It's December 19th, which only means one thing and one thing only. Happy National Emo Day!
Emo, or as the genre was originally known: emocore. This music, fashion and cultural era may have peaked in the mid-2000's with juggernauts such as Taking Back Sunday, The Used, My Chemical Romance, Fall Out Boy, Paramore and Dashboard Confessional, but its roots trace back to the mid 1980's, with early pioneers such as Rites Of Spring, Embrace and Dag Nasty, followed by bands like Sunny Day Real Estate, Jawbreaker, Cap'n Jazz, Braid and In Circles in the 1990's. Its genesis occurred in the hardcore and punk scenes of Washington D.C. and the surrounding mid-atlantic region, and later morphed into its own grouping of subgenre's including screamo, midwestern emo, and even mall emo.
We're approaching 20 years since emo ruled not only the radio airwaves, but music television as well, with channels like MTV, Fuse, and Channel V playing iconic music videos like Helena, Ohio Is For Lovers, The Quiet Things That No One Ever Knows, Sugar We're Going Down, The Taste Of Ink and Hands Down on the daily.
If you lived through this era, and were paying attention, you likely remember memorable moments in emo history such as the Taking Back Sunday/Brand New feud, which gave us two of the greatest emo albums of all time. Tell All Your Friends and Your Favorite Weapon. Two LP's that were basically a call and response to each other. Two groups of friends torn apart by a girl, who became their muse. Both bands claim the feud was overblown, but you can't deny the lyrics, the anger, the sorrow and the pain that is cemented forevermore in these recordings.
While the late 90's saw pop punk reaching mainstream recognition, in a sea of alternative rock and nu-metal, emo really hit the mainstream in the early to mid ought's with hits like Welcome To The Black Parade by My Chemical Romance, Misery Business by Paramore, The Kill by 30 Seconds To Mars and even pop-punk titans Blink-182 treading into the genre with songs like I Miss You and Stay Together For The Kids. And how could we forget about the impact of Warped Tour, the longest-running music festival that has ever toured North America at the time, showcasing bands from the scene across several stages in all corners of the US.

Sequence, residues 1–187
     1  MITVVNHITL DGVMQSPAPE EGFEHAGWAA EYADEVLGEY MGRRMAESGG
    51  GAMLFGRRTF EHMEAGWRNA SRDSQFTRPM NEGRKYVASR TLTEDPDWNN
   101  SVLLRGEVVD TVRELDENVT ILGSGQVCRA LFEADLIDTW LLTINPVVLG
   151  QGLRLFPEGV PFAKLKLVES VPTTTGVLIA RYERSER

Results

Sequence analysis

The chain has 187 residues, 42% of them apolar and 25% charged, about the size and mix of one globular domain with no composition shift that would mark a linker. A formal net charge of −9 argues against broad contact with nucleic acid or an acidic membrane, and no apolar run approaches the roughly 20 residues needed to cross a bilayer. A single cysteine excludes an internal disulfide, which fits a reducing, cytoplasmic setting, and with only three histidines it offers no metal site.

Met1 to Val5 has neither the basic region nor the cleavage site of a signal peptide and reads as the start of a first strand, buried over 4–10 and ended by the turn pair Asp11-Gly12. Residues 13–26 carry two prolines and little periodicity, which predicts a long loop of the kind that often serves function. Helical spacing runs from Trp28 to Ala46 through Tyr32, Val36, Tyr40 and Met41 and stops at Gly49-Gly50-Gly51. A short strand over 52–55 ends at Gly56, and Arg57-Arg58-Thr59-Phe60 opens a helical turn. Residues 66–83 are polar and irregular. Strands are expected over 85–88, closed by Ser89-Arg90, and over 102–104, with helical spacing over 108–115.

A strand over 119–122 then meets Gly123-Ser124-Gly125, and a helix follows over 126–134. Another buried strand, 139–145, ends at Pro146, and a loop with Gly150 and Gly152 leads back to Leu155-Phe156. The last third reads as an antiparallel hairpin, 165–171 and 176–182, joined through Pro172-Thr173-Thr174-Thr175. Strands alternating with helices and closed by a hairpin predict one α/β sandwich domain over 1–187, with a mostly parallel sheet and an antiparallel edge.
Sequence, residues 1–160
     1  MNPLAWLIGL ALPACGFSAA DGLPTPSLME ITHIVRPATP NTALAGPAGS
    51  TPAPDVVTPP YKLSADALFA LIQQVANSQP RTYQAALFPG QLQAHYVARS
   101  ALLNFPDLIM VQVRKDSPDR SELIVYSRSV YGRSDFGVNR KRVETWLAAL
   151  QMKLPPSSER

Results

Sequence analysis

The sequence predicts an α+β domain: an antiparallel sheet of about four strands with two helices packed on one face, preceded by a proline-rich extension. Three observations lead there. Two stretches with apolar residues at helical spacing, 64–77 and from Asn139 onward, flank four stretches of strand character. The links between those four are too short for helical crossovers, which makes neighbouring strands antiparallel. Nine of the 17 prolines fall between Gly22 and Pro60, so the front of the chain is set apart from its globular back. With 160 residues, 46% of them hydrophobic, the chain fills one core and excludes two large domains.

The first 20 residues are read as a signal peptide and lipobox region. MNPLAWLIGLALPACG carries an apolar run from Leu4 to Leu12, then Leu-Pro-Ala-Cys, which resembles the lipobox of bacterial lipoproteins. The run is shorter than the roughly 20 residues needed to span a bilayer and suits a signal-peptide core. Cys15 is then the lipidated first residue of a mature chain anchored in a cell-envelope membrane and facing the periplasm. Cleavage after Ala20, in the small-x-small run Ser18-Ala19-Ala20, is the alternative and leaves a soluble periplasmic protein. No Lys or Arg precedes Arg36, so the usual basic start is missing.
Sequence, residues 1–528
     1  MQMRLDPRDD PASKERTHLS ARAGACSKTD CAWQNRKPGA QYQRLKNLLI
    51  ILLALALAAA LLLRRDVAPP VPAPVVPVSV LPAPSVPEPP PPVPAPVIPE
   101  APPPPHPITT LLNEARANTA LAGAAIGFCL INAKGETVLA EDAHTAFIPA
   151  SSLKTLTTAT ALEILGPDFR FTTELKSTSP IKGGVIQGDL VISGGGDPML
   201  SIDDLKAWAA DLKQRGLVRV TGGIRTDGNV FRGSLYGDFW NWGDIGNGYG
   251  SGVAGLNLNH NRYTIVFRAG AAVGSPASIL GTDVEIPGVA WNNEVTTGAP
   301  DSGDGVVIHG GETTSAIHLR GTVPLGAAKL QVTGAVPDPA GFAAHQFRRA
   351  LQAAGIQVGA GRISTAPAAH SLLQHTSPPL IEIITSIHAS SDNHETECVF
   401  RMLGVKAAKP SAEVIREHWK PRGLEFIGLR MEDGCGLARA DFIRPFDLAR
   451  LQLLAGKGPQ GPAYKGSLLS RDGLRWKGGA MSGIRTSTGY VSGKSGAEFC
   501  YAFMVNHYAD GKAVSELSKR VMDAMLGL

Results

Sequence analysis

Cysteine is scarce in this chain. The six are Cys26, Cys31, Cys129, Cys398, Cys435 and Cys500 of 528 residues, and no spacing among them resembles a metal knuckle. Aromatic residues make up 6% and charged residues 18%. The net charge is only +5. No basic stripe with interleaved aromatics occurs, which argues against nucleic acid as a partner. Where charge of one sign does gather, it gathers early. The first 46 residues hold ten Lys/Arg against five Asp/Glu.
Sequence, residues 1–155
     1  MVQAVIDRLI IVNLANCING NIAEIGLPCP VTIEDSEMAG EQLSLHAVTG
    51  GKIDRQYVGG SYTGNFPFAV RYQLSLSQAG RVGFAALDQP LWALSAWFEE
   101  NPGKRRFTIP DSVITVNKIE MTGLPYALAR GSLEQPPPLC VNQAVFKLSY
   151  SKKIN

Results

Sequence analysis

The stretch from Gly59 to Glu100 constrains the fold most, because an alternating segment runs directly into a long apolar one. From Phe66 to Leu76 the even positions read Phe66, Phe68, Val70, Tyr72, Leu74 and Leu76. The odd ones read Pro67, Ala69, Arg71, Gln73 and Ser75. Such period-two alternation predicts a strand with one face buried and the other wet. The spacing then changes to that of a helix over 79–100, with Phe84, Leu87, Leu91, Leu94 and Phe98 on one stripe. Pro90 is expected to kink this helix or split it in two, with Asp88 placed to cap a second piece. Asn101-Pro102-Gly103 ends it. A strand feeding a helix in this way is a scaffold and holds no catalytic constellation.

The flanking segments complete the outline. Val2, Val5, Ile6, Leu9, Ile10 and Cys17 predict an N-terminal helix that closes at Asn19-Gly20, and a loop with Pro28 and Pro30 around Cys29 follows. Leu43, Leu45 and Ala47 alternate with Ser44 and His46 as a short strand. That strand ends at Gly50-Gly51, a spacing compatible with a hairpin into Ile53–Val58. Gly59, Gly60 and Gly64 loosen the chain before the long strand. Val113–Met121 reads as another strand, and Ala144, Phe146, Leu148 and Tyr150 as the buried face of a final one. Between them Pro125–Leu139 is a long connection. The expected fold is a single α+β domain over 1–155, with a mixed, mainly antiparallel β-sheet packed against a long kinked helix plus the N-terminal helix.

In the last couple years, emo has been going through its own renaissance. An emo revival seems to be happening with festivals such as When We Were Young in Las Vegas, the popularity of Matt Cutshall's Feeling Emo Might Delete... YouTube series, an emo cruise, and numerous Emo Night's held at clubs around the world, including Pensacola's own Emo Prom.
The emo scene is alive and well in Pensacola and throughout the Gulf Coast. I'm talking real talent here too. Bands like Rise Up Lights, Vagrants, Spiral (formerly Twin Soles), Scream Out Loud, Brave New World, Glazed Eyes and Oversight. These bands represent a broader rebirth of the scene happening all around us, and if you haven't caught one of their live shows yet, do yourself a favor and head over to our Show Calendar and find out when they're playing next. You can also check out many of the local emo bands in our Band Directory.
Check out some of the local emo bands from the area below:
If you'd like to deep dive more into the history of the genre and the scene, check out From The Basement: A History of Emo Music and How It Changed Society by Taylor Markarian, Nothing Feels Good by Andrew Greenwald, or Everybody Hurts: An Essential Guide To Emo Culture by Leslie Simon and Trevor Kelley. All three are fascinating reads, and for those of us that lived through those days, a wonderful stroll down memory lane.
So go out fellow emo kids, rip your heart out and wear it prominently on your sleeve for all to see. Today is your day. And we're okay, I promise.
🗣️ Where my fellow emo's at? Sound off below with your favorite emo bangers!